As North Carolina State University readied for a visit by President Barack Obama, state Republican Party Chairman Claude Pope used the opportunity to slam Democratic U.S. Sen. Kay Hagan, a key target of national Republicans in the 2014 election.
Hagan will not attend the president's event at the university. Her spokeswoman, Sadie Weiner, said Hagan will remain in Washington, where the Senate is in session.
In addition to "working on cleaning up (North Carolina House Speaker) Thom Tillis' unemployment insurance mess," the Senate voted on a continuing resolution to prevent a government shutdown, Weiner said. Hagan also attended a closed-door Senate Armed Services Committee briefing on Iraq and Syria, she said.
The Senate is considering a bill that would extend unemployment benefits to people who have been out of work for months. North Carolinians who lost their extended federal benefits last July when the General Assembly changed the state unemployment insurance program would be eligible for the renewed benefits.
"In spite of all the political differences we may have, It is always an honor to have the president of the United States here in North Carolina," Pope said Wednesday morning at a news conference. "I hope that, during his short visit here, the president will get a chance to see some of the amazing successes that North Carolina is experiencing in spite of the failed policies of his administration."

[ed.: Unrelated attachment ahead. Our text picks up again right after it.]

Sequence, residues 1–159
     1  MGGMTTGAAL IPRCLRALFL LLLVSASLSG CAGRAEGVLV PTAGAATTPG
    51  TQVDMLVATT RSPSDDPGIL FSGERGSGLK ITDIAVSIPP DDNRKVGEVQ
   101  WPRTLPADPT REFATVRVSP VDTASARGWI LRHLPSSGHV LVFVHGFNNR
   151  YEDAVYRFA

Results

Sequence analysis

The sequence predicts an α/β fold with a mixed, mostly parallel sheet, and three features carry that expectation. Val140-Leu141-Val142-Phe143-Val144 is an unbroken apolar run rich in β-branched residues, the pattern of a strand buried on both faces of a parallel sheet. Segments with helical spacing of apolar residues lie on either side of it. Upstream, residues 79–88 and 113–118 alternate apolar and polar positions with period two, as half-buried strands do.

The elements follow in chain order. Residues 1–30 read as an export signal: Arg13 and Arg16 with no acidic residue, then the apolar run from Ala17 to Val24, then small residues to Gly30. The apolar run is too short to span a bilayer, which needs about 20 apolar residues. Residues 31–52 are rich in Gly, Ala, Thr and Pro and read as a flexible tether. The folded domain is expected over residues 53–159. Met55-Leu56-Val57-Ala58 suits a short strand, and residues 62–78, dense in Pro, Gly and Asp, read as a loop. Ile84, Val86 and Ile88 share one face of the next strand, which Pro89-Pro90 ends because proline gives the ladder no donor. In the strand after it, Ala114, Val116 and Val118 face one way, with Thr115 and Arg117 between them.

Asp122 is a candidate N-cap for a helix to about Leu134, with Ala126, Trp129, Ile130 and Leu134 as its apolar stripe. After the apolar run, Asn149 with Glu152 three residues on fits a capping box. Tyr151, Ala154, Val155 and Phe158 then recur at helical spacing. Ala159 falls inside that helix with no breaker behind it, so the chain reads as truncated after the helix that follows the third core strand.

The purpose for the president's visit is to announce a $140 million project technology institute to be headed by N.C. State, but Pope said the true motive for the visit is political.
"He's here for a very simple reason: to help bolster Hagan's flailing re-election campaign," Pope said.
Obama praised Hagan and her work in his opening remarks during a speech at North Carolina State University.
Pope noted that the president's popularity ratings are low in North Carolina and suggested that Hagan doesn't want to be seen with Obama.
"Kay Hagan can run away from the president, and that's her prerogative. But she can't hide from her own record," he said. "This election is about President Obama, whether she wants it to be or not."
Hagan is a key target for national Republican and third-party conservative groups seeking a GOP takeover of the Senate in the 2014 elections. More than $9 million has already been spent on ads, most of it by groups seeking to unseat the first-term Democrat.